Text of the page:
Every administration has to walk a fine line; you are dealing with the age bracket where EVERY one votes, and they do not want to feel picked on.
We had to take away my mother-in-laws car years ago. And in reality we probably should have a couple years earlier. I understand they don’t like it, but it’s for their safety and everyone’s else on the road.
Sorry. Fake news. It takes at least two weeks to retrain the brain. So, of course if you take people who always brake with their right foot and test them, they are slower. Try it again with those who have been braking with their left foot for a long time.
In close calls, I have the car half stopped while you right foot brakers are still moving the foot over.
Stop and think what we are talking about… Old people who get confused which pedal their right foot is on, and thus kill people, and you are still concerned about response time? Totally strange.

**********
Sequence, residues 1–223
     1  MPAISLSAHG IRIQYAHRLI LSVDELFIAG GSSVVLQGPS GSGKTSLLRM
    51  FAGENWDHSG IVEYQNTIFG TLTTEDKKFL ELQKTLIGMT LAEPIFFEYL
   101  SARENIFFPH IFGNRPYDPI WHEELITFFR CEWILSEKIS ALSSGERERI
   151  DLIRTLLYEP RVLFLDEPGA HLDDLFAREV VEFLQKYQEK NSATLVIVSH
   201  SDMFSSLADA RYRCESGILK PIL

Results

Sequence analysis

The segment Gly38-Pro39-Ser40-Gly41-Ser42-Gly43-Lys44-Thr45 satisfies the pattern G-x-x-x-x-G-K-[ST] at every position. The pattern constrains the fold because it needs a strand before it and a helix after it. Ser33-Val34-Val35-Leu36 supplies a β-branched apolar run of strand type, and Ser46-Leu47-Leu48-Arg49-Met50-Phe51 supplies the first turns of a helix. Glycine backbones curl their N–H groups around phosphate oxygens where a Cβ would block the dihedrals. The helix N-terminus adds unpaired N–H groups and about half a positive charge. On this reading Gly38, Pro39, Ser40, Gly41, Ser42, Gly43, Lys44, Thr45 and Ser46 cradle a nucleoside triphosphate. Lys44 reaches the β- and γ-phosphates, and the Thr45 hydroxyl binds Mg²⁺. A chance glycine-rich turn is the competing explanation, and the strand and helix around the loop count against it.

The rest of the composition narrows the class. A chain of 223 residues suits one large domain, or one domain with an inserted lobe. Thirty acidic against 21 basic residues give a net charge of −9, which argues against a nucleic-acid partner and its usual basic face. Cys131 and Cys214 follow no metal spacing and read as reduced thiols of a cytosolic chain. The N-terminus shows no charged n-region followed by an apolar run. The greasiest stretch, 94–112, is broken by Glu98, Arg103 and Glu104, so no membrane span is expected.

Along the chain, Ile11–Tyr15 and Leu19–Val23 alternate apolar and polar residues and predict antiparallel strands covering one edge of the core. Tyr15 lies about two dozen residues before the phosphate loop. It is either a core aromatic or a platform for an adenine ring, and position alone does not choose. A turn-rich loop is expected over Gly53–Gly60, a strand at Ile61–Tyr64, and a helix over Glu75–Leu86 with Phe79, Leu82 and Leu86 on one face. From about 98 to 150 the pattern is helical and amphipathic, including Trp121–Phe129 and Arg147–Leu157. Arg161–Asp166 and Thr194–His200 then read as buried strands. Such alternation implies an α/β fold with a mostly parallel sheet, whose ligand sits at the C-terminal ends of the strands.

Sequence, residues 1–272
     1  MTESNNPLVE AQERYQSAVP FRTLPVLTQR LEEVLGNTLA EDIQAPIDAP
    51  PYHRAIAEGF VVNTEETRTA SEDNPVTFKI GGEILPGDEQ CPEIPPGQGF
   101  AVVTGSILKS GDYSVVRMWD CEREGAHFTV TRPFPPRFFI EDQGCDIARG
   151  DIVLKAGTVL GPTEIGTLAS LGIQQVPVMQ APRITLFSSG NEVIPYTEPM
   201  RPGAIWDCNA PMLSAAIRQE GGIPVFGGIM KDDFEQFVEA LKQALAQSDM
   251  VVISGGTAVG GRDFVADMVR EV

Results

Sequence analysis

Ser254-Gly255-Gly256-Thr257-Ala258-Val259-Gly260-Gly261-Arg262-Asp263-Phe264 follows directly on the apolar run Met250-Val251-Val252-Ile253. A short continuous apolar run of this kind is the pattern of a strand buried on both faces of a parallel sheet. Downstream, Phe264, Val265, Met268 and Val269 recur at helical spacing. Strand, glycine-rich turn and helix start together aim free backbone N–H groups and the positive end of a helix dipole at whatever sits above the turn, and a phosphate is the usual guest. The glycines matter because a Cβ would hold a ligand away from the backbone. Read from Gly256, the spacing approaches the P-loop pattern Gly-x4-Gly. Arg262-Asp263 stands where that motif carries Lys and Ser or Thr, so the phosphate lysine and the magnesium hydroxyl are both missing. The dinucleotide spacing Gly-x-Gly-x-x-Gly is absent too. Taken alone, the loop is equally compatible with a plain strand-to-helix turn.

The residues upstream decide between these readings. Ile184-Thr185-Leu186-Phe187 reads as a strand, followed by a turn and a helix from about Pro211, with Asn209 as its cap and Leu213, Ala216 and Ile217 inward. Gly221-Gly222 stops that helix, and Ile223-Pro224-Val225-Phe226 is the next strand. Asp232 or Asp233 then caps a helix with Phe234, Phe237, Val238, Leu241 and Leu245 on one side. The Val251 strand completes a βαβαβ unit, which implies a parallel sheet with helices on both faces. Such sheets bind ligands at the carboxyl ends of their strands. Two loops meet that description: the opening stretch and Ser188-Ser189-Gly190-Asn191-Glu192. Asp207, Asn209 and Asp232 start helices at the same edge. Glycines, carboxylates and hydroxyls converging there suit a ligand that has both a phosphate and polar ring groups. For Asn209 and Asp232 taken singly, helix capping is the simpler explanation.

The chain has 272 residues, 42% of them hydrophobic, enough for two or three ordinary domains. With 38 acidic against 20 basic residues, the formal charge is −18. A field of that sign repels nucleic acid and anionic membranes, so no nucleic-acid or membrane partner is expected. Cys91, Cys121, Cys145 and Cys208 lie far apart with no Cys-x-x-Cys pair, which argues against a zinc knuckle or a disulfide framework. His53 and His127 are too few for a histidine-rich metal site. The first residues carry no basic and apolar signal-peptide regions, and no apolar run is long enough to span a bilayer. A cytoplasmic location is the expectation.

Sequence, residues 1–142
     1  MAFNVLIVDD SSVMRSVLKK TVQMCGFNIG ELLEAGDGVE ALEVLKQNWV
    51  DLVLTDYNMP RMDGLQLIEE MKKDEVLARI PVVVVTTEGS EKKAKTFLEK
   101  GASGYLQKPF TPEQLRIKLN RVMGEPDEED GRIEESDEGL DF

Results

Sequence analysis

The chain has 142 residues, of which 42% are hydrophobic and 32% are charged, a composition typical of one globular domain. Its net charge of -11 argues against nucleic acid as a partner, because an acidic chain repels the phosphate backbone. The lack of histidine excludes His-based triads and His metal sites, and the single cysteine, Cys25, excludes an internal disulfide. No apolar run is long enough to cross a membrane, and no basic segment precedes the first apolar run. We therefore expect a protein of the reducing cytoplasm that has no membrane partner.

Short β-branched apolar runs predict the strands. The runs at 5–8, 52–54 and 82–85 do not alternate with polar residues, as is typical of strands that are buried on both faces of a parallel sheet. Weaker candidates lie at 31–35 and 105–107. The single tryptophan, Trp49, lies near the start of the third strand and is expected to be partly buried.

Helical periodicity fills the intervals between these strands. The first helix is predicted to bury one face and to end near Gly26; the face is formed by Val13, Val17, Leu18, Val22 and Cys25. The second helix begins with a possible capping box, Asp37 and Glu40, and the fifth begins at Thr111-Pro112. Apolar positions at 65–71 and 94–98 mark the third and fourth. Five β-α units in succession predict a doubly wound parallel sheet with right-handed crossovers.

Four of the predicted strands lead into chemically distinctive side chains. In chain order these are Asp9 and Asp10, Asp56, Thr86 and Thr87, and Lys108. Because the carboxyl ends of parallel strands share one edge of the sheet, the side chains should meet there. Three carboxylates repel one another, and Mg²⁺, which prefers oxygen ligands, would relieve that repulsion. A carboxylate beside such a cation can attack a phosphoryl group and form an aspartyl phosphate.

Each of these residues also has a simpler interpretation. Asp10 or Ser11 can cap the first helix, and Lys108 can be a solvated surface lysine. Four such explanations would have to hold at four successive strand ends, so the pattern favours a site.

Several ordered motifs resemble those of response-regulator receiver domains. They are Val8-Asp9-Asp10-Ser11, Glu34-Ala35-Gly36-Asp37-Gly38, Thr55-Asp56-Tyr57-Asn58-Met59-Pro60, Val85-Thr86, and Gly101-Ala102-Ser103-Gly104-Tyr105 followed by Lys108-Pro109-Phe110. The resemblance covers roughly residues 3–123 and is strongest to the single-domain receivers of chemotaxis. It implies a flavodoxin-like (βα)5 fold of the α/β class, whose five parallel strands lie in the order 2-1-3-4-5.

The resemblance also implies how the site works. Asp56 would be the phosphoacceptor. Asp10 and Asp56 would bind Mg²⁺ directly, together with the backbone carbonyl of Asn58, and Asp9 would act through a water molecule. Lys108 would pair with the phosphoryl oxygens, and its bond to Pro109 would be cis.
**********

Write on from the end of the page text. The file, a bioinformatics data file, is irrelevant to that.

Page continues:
Also, I have noticed that many people on this board have no problem condemning old people to a horrible life when it is not necessary. If an old person is really a danger, fine. But, to do it when left foot braking will solve the problem is vicious.
Before you (some of you) begin beating up on older drivers and trying to make us jump through hoops, you may want to look at this chart of auto accidents by age. There are countless others that show similar distributions.
Whatever the solution, this is a subject where your views change as you yourself become the old person everyone else is talking about. Just like every other 70+ person, I was younger once, and things seemed so much simpler. Now, not so simple. The only thing I can imagine that could happen, given politics and government finances, is some sort of testing device that a driver would have to pass, attached right onto the car, before the engine would start.